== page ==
Taking your dog on a car journey can be fun but it can also be stressful, especially when your dog gets travel sick. Find out everything you need to know about a dog’s travel sickness, and what you can do about it.
If you’re a dog owner you will no doubt be aware that dogs (like humans) get travel sick, and some dogs get it worse than others. There are dogs that are beset by travel sickness even as they approach a car, there are dogs that are very quiet until they vomit, and there are dogs that love every minute of the journey. For the purposes of this article we’re going to assume that you own a dog or a puppy that gets very sick.
What are the causes of dog travel sickness?
Basically, travel sickness is due to a conflict of messages sent from the inner ear to the brain. The ‘labyrinth’ of the inner ear is a dog’s mechanism of balance. When it senses movement due to the car’s motion there is a ‘conflict’ in the brain because from the point of view of the dog her limbs aren’t moving. This conflict stimulates a part of the brain that controls the feeling of sickness and begins the process of vomiting.
Travel sickness is more often seen of puppies and juvenile dogs but it is not exclusively limited to these ages of dog. Old dogs too may have suffered travel sickness for their life. Of course, if the puppy’s first ride in a car is an unpleasant one and she is very sick she may always end up associating car travel with sickness.
What are the signs of dog travel sickness?
Some of the most common signs of travel sickness of a dog are subtle, but if you are aware of how your dog normally is you will notice a marked change in her demeanour. Her symptoms may include:
- Excessive yawning
- Excessive drooling
- Lip licking
What can prevent dog travel sickness?
If your dog gets very sick there are prescription medications that will prevent her from vomiting. We’ll look at these in a moment. For now, let’s look at how we can prevent your dog or puppy from suffering travel sickness in the first place.
The best way of course is to make the car ride as comfortable as possible. Some cars give a smoother ride than others, but it is also down to the driver to read the roads in order that the journey doesn’t consist of sharp turns and lots of braking and accelerating. That kind of driving can make even an adult human feel sick.
Face direction of travel
Try to make your dog face the direction of travel. Dogs have a tendency to look out of the windows to their side, which makes them feel sick. However, although there are special seat belts available to stop your dog from moving around too much there is nothing you can do to keep your dog’s head facing forward. Just make sure that the space between the two front seats is not blocked: a clear view in front of her will tempt the dog to look forward.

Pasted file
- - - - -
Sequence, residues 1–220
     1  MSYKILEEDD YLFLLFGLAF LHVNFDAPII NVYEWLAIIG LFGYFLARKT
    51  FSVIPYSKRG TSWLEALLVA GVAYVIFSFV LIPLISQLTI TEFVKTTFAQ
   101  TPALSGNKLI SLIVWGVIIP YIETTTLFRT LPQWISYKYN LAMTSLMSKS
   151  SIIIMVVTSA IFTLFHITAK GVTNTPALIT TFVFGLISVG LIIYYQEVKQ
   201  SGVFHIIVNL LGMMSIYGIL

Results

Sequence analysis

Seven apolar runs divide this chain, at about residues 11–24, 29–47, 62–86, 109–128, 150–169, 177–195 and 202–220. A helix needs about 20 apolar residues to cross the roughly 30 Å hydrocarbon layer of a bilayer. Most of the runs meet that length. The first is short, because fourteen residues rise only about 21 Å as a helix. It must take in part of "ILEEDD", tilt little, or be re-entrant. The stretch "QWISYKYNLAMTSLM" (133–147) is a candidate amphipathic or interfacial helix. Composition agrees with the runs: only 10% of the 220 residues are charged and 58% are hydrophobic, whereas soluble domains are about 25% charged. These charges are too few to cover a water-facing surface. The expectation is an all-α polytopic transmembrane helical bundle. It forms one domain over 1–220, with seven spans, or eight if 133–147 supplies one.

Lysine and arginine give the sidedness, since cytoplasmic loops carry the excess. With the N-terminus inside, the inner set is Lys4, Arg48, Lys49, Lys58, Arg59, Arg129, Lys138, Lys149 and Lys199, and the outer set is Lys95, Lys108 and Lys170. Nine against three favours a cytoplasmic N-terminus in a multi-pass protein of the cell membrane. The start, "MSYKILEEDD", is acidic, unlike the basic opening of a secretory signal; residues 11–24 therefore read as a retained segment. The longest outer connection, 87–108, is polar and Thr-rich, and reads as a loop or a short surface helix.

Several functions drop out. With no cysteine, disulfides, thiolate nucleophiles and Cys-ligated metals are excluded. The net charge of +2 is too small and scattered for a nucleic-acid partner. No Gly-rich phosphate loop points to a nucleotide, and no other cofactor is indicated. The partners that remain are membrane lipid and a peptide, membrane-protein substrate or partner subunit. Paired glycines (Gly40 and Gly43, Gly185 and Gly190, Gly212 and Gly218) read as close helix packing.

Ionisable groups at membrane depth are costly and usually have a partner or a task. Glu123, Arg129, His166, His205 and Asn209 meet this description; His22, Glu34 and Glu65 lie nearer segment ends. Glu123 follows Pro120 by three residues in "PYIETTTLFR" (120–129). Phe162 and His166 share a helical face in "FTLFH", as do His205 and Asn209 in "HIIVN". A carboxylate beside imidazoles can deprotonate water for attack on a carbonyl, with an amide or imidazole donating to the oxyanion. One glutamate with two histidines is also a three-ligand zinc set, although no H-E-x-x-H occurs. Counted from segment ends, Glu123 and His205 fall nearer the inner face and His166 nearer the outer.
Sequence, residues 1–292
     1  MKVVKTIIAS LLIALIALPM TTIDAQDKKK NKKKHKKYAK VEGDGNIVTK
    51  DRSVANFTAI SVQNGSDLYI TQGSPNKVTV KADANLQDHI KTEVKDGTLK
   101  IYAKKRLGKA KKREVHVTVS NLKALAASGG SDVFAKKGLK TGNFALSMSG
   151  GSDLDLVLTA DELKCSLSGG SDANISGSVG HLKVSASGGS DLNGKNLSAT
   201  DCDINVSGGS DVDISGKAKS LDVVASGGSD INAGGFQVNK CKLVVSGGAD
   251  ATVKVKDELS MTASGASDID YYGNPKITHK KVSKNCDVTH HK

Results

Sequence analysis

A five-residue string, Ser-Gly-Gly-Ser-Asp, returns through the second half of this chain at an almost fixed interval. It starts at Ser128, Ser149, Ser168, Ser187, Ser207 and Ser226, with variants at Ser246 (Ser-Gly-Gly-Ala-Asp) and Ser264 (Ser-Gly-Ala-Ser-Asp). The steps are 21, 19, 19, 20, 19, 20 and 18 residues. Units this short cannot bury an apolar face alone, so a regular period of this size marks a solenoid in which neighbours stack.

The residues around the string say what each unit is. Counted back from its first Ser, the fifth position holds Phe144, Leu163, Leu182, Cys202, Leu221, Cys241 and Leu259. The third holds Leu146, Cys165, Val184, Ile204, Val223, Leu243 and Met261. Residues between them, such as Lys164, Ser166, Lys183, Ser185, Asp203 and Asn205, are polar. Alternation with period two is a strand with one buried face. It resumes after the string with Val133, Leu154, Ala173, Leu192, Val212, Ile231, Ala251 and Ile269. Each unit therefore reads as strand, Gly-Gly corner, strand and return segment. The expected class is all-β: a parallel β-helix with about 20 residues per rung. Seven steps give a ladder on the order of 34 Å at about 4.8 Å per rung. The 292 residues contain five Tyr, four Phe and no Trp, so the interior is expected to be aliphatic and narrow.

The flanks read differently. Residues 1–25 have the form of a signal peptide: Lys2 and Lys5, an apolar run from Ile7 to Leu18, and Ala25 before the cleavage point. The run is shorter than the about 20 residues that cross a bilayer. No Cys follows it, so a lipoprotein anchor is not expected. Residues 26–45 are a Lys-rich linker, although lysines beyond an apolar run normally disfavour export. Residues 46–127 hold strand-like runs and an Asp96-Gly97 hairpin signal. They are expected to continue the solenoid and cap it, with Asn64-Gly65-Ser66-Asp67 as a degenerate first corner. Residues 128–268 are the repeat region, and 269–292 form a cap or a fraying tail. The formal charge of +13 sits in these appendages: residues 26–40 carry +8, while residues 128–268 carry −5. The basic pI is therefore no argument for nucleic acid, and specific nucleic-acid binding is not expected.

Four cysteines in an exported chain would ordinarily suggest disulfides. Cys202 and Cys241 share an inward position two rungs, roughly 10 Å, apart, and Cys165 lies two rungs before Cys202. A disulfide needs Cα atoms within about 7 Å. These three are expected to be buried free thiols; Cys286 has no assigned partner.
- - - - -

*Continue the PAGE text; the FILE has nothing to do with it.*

You should lower the car windows by at least two inches. This allows a flow of air into the car keeping the dog cool and allowing her to breathe in some fresh air if she feels sick.
Doing so has the added benefit of keeping the car smelling a little fresher than it would have done if they were closed; the breath of a sick dog smells even worse than normal and keeping the windows shut may cause everyone to feel sick.
Don’t give your dog anything big to eat before a car journey. For instance, if you plan to leave at lunchtime don't give her breakfast. Instead, try giving her a jelly bean just before she travels; this is thought to stem the feeling of nausea. You should not give her any old sweet though because some contain ingredients poisonous to dogs.
Medical prevention of dog’s motion sickness
Dog’s that seem always to experience travel sickness may benefit from being prescribed anti-emetic medications to be taken before they go on a journey. This is especially true of dogs that have grown up and are still experiencing travel sickness. The types of drug your vet may prescribe include:
- Anti-emetic drugs
- Prescription drugs for sedation
Other remedies of dog travel sickness include using treats to keep your dog occupied (toys or chewy rawhide have the same effect), building your dog’s tolerance to travel or even changing vehicles.
You may also consider putting your dog in a crate for the journey. This is a good idea inasmuch that the crate contains any mess she makes and stops her from jumping over the seats, but it does not allow her to look out of the windows nor does it give her a nice flow of air to make her feel better.
There is a temptation to make the journey bearable just for the humans. This can lead to the dog being banished to a place from where she cannot see what is going on; this will only worsen the problem. If your dog truly is a part of your family then she should be treated like one.